ECHO (PTY) LIMITED
Case No. 1717/1998
Plaintiff B.G. Simelane
Defendants Adv. Kunny
was an action in which the plaintiff sued the defendant for damages.
The amount claimed is far more than can be justified in the present
claim is against the newspaper and its officers who are said to have
defamed the applicant by an article in the Times of Swaziland, which
appeared on the 2nd of June 1998. The words of which the plaintiff
complains are a bold headline which appears on the front page of the
newspaper:- "T.V. MTETWA IS DISMISSED FROM TISUKA".
words caused Mr. Mtetwa great annoyance to say the least when he read
them. He made it quite clear when testifying that his complaint
centred on the use of the word "DISMISSED".
Mtetwa is obviously a man of standing in Swaziland. He enjoys the
confidence of His Majesty; and is entrusted with Royal Duties. He is
an upright and honourable person. This cannot be taken away from him.
I treat him as such and I have no doubt that he in fact was disturbed
at his severance being described as a dismissal. The matter does not
end there and the perceived insult is not necessarily defamatory.
What he has to show to succeed in this action is that right thinking
people who may read this article could think ill of him, and that he
may be brought into "hatred, ridicule or contempt" as was
said in an ancient case.
does not confine oneself to the headline when reading a newspaper
article. The question for decision is whether a reasonable person
reading the article as a whole would think less of Mr. Mtetwa by
reason of what was said therein.
article it must be noted follows immediately on the headline, which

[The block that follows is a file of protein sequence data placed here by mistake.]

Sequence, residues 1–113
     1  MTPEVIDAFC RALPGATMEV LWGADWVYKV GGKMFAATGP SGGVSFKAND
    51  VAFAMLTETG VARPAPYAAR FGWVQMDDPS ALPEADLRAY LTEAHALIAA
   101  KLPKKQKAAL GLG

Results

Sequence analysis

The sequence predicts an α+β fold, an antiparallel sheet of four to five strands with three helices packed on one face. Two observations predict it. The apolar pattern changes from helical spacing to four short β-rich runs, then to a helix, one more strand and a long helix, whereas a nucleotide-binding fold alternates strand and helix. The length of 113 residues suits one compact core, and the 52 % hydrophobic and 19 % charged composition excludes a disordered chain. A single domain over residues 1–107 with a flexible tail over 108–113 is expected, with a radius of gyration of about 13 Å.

is the cause of complaint. Immediately there under albeit in letters
somewhat less bold it
say for all to see that "inside sources say the reason (for the
dismissal) could be the fact that he has reached the retirement age".
This goes a long way to removing any sting from the word "DISMISSED".
one carries on to read the article as a whole it is quite clear that
if the Plaintiff could properly be said to have been dismissed, he
was not dismissed for any wrongdoing on his part. The article is
quite specific in one of its sentences, which reads, "Tisuka
Management dismissed speculation that Mtetwa was dismissed for any
wrong doings." No one who reads the article in its entirety,
could reasonably be induced to think ill of the plaintiff. The
article ascribes no misconduct to him. There is not the slightest
hint of impropriety on his part.
word "DISMISSED" could have pejorative meaning. But on the
other hand there are many innocent connotations to the word
"DISMISSED". In its ordinary sense it is neutral and does
not reflect in any way on the character of a person who is being
dismissed. Although argument was presented and it was said that the
word "DISMISSED" is used in many senses for instance for a
batsman at cricket being dismissed, or that soldiers are dismissed
from parade or matter being dismissed from your mind. All these
various uses of the word were brought to my attention. But I think it
is correct as the Plaintiff's attorney said that "DISMISSED"
must be considered in a work situation.
the newspaper makes it quite clear that the dismissal was very
possibly because he had reached the retiring age, this is not a word,
which one would normally use in that sense. The word DISMISS has the
implication of a unilateral act on the part of the employer, the
employee being passive. The word most often connotes the employee, in
colloquial terms, being "fired".
even taking this into consideration, reading the article as a whole I
cannot find that the plaintiff has been defamed. There is nothing in
the article that connotes any dishonour in his dismissal. The facts
that came before the court indicated that if anything the Board of
Tisuka takaNgwane acted incorrectly. The word "DISMISSED"
can connote both a fair and an unfair dismissal and there is nothing
in the article as a whole, which could in anyway suggest or impinge
adversely upon the
of Mr. Mtetwa. As I say he may have felt insulted but a reasonable
person reading the article, as a whole could not reasonably believe
that Mr. Mtetwa had done anything wrong.
action must fail and the Plaintiff's claim is dismissed with costs
including counsel's fee, the employment of counsel being certified in
terms of rule 68.